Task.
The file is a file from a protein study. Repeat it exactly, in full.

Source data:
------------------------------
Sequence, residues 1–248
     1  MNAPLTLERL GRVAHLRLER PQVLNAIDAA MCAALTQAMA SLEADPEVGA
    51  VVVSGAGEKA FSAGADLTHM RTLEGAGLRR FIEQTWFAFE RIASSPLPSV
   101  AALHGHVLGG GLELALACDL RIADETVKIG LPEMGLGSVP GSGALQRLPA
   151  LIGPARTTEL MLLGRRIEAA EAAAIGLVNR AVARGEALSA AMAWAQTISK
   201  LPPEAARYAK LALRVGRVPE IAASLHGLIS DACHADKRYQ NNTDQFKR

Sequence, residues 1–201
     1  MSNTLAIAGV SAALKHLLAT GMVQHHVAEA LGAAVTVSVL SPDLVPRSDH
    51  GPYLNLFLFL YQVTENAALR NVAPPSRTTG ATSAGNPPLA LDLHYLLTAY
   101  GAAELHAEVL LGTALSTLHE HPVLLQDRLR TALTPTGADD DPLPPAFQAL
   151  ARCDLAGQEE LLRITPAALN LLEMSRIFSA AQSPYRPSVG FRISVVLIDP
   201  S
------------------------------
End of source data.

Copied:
Sequence, residues 1–248
     1  MNAPLTLERL GRVAHLRLER PQVLNAIDAA MCAALTQAMA SLEADPEVGA
    51  VVVSGAGEKA FSAGADLTHM RTLEGAGLRR FIEQTWFAFE RIASSPLPSV
   101  AALHGHVLGG GLELALACDL RIADETVKIG LPEMGLGSVP GSGALQRLPA
   151  LIGPARTTEL MLLGRRIEAA EAAAIGLVNR AVARGEALSA AMAWAQTISK
   201  LPPEAARYAK LALRVGRVPE IAASLHGLIS DACHADKRYQ NNTDQFKR

Sequence, residues 1–201
     1  MSNTLAIAGV SAALKHLLAT GMVQHHVAEA LGAAVTVSVL SPDLVPRSDH
    51  GPYLNLFLFL YQVTENAALR NVAPPSRTTG ATSAGNPPLA LDLHYLLTAY
   101  GAAELHAEVL LGTALSTLHE HPVLLQDRLR TALTPTGADD DPLPPAFQAL
   151  ARCDLAGQEE LLRITPAALN LLEMSRIFSA AQSPYRPSVG FRISVVLIDP
   201  S